The Mezquita mosque is the number one attraction of Cordoba. It was a mosque first but was transformed and expanded when the Christians reconquered the then capital of the moorish empire. According to many this is the most beautiful building of Spain. Cordoba itself is a patchwork of monuments of different rulers and peoples. Of course there were the Romans, then the Muslims and afterwards the Christians. But also the Jews have left their marks in the city landscape. If you're a history buff you will indulge.




Ubeda is often mentioned together with its sibling village Beaze 10 km further. Both share their renaissance style that you don't often find in Spain. Both are UNESCO world heritage sites and the connaisseur then knows that they merit a visit. This area is also known for its high quality olive oil so make sure to sample some in a shop, restaurant or at home in the motorhome of course.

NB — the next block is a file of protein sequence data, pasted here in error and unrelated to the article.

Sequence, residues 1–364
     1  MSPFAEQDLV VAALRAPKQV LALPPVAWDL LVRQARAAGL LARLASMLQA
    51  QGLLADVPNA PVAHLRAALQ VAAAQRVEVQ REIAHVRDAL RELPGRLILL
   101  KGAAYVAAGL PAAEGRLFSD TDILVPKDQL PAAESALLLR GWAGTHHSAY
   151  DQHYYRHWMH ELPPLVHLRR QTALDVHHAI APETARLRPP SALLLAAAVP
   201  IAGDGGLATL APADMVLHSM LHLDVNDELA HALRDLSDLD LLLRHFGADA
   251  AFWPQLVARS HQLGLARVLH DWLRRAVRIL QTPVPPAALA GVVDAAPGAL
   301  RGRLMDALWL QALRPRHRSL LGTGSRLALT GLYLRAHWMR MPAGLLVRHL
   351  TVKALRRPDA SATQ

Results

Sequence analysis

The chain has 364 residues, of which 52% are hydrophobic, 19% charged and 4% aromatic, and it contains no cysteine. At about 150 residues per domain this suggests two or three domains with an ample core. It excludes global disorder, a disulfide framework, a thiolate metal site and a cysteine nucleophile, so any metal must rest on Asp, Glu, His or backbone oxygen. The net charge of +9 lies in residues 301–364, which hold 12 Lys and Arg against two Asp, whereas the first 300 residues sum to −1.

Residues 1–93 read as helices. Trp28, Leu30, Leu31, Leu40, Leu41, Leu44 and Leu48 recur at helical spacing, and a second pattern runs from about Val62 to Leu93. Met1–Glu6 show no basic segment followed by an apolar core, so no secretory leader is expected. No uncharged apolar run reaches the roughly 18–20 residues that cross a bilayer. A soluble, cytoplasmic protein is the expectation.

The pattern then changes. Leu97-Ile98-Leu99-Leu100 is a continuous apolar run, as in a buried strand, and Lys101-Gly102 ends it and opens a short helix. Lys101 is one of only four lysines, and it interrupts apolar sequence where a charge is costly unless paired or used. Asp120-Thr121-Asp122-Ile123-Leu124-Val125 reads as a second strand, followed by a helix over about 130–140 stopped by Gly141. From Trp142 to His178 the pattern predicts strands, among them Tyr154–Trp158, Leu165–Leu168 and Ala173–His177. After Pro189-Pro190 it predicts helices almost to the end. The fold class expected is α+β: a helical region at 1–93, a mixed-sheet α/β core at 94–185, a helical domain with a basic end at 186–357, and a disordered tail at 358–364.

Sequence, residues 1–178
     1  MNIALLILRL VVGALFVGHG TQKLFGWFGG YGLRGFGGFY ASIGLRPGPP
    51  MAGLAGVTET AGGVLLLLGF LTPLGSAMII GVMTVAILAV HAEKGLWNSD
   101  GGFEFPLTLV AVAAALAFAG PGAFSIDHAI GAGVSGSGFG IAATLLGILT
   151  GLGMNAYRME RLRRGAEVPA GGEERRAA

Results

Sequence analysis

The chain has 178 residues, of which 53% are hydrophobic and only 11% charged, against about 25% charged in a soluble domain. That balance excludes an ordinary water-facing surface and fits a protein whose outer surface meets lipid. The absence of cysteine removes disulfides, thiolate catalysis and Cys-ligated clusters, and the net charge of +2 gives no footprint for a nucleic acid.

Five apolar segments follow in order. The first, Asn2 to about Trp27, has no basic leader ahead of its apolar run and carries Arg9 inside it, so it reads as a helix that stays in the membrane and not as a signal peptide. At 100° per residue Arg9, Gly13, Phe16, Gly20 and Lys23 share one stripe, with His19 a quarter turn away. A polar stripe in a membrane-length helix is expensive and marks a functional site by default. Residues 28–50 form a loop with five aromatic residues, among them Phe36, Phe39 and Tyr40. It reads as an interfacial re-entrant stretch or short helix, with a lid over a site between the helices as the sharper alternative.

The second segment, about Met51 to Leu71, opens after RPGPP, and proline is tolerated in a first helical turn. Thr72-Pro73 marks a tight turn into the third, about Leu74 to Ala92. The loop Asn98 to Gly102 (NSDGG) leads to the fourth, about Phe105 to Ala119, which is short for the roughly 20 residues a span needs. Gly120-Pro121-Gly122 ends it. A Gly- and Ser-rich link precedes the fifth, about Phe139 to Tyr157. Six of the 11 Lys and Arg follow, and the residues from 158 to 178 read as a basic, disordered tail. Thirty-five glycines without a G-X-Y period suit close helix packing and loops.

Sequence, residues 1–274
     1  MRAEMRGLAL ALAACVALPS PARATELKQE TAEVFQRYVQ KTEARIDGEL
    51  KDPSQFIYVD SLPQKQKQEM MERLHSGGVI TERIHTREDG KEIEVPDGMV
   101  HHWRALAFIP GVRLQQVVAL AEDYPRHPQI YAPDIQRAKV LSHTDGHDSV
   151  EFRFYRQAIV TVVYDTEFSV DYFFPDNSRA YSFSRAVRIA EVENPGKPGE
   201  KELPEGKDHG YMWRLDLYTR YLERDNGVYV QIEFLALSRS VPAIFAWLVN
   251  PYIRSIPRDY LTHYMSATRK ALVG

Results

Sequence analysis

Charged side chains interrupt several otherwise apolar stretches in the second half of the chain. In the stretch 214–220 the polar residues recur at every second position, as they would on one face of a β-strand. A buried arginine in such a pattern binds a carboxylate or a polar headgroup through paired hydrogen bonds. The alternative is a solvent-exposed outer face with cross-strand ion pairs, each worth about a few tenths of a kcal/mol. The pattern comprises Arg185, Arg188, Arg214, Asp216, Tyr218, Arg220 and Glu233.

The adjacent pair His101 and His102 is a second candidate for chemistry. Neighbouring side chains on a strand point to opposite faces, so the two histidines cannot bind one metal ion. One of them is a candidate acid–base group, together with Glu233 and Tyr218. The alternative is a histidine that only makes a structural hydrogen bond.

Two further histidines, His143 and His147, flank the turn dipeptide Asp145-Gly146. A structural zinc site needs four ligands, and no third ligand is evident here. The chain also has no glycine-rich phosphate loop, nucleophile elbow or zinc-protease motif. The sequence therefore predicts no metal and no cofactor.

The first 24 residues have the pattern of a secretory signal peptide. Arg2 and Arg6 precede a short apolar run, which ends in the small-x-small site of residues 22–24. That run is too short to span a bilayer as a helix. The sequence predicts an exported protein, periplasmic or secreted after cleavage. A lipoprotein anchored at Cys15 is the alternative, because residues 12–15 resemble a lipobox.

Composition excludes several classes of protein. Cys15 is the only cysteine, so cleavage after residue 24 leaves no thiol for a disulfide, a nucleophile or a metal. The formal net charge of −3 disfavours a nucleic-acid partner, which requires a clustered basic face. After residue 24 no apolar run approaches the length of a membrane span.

Lagunas de Ruidera

In these lagoons we can soak in the water for a bit and enjoy nature. It's also an ideal destination for the kids. Enjoy the peace and silence. There are several campings to choose from but we recommend Los Batanes. Camping anywhere else (legal) is also a possibility of course. 


L'Albufera de Valencia


We're almost back in Valencia now. South of the city you will find l'Albufera, a major rice growing area around a lake. This is where the typical round grain rice of the famous paella is grown. That dish was once invented right here as the staple of the rice farmers. Legend has it that is was first prepared with rat meat. Now the rat has been replaced with rabbit and chicken. So the world famous paella is from Valencia. L'Albufera is now a nature reserve with a beach and nice walking trails. It's a very nice area with some good campings and motorhome parkings in El Saler. By bus or by push bike (about 12 km)  it's easy to get to the Ciudad de las Artes y Ciencias and the rest of Valencia. In other words this is a very pleasant last stop before returning home (or not).